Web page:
For family members, choosing this strategy may involve an uncomfortable suspension of authority, but the yields in connection and openness are often a source of comfort to both the client and their loved ones.
Sometimes, the story that your loved one tells is simply not the same one that you live. They may remember their childhood, courtship, or other past experiences with you differently than you do. They may blame you for things which you do not feel are your responsibility. When there are mental health concerns involved, they may express their cognitive distortions, dysregulated emotions, or perhaps even delusions as immutable facts.
This is often a source of significant pain for family members, and pain often leads to intense reactivity. It may begin to feel extraordinarily important to argue back with your loved one that it didn’t happen that way, their feelings are out of scope with what happened, or their delusion is utterly insane.
Most family members who have been supporting their loved one for some time will recognize that the urge to do this is as natural as it is unproductive. However, many family members are tired of these unproductive strategies, and also unaware of what else to do.
Unfortunately, often there is not much that can be “done” to change this tension between your loved one’s experience and yours. What can be effective in maintaining relationship, however, is actually as simple in theory as it is difficult in practice: listening.
Reflective Listening prizes understanding over agreement, and acknowledges that while agreement may be impossible, understanding is a choice. We may not find ourselves on the same page as our loved one, but we can communicate our love for them by choosing to understand their page as well as we can. In some cases, there may even be an opportunity for us to share our “page” with them, and to experience mutual understanding.
To do this, one need only do the following:
- Listen to what is being said. Seek to stay fully present, not preparing a response or rebuttal.
- Reflect back to your loved one what they have said to you. Be as close to word-for-word as you can, and above all, seek to accurately reflect what they said, without your own take on it.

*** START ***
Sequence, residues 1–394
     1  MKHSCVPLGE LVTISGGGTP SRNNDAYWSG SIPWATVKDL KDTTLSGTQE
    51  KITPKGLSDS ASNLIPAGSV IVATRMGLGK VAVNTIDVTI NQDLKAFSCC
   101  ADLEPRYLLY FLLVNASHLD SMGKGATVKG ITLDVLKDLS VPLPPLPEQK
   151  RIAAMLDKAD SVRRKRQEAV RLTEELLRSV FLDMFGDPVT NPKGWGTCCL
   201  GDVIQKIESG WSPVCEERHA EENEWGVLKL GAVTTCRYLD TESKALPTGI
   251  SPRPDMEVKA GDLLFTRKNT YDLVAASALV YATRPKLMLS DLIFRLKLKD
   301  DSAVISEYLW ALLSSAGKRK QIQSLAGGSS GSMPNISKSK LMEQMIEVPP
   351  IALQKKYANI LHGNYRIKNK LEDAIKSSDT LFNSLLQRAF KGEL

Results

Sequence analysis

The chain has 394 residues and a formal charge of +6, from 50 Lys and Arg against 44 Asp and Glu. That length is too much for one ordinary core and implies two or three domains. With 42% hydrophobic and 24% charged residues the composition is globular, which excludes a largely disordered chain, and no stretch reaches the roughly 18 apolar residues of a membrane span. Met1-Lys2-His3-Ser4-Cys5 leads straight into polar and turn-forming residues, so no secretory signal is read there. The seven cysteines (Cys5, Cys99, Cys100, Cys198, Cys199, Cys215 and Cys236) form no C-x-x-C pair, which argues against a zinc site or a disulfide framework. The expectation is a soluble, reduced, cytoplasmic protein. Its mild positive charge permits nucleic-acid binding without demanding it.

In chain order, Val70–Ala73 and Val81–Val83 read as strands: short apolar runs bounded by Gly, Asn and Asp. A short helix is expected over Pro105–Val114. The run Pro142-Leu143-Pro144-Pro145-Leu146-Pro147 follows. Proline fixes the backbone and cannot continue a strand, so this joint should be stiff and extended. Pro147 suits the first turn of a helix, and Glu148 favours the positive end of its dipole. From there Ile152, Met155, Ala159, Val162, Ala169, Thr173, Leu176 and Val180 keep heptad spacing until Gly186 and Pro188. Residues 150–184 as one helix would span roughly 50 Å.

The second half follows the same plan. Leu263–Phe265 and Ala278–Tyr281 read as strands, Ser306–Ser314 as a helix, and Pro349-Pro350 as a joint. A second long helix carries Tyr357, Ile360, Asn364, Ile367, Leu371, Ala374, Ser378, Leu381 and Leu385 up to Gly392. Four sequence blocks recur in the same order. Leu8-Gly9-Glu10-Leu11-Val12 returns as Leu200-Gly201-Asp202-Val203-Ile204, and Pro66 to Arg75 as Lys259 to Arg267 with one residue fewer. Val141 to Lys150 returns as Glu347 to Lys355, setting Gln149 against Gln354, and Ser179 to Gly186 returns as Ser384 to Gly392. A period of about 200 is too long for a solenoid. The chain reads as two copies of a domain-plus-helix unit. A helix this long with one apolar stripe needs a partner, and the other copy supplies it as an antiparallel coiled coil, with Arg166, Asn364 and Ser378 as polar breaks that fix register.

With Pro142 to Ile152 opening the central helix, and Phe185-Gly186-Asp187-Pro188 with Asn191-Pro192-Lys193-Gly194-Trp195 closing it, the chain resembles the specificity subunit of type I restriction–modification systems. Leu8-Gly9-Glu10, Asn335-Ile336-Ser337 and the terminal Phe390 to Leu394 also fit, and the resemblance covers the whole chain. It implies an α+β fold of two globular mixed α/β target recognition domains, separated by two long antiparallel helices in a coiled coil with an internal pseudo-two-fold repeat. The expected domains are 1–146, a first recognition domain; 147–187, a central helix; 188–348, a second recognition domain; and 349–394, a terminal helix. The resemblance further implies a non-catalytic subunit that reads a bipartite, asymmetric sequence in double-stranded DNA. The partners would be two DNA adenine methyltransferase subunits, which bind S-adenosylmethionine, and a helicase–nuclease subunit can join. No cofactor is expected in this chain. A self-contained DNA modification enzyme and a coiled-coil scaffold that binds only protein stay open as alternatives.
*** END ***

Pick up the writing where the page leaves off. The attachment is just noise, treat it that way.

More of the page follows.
- Confirm with your loved one that you are understanding them. A simple question such as “Did I get that right?” can get at this. In addition to clarifying for you as the listener, this creates an opportunity for the speaker to be accountable for the words they are saying, insofar as the listener is mirroring it back accurately. Many times, when someone hears their words repeated back to them, they may realize where they are being harsh, irresponsible, or ineffective in their communication.
- Wonder: Ask your loved one if there is anything else they’d like to say. If there is, repeat the steps.
This process is effective for several reasons. First, it communicates love and respect to the person being listened to. Many people carry the belief that they are not valuable, not seen, and not heard. Being listened to in this way can cut through that fear, and give your loved one a sense of being valued and loved, simply because they have been heard.
Additionally, it can help the listener pause whatever reactivity they are feeling towards the speaker. Reactivity can shut down listening, but similarly, listening can shut down reactivity. It can remind the listener experientially that they are not responsible to get their loved one on the same page as them. Rather, they can pursue relationship with their loved one in the midst of believing, thinking, and feeling different things. It can also remind the listener that hearing their loved on out does not require agreement on their part. It is possible to understand a different point of view without sharing any of it. Once this has been acknowledged, the door is open to seek understanding, since achieving agreement, with all the stress that goes along with that, is no longer the primary goal of the conversation.
Finally, in understanding the most challenging things our loved one is saying, we gain an opportunity to question ourselves. Perhaps the thing we thought of as black and white has some grey mixed in. Perhaps there is information we were not privy to, or a point of view we had not yet considered. Often, on the other side of listening, we are able to be more effective in expressing love and support for our loved ones.
While supporting a loved on through their vocational engagement can be an exhausting process, it can also be a very rewarding one. The choices offered above can enable a close engagement that is effective in supporting someone through the stages of change, their own goals, and their differing experiences of the world. Better still, they can be a roadmap for maintaining a close connection with your loved one, even if you experience them as “distressingly different” from you.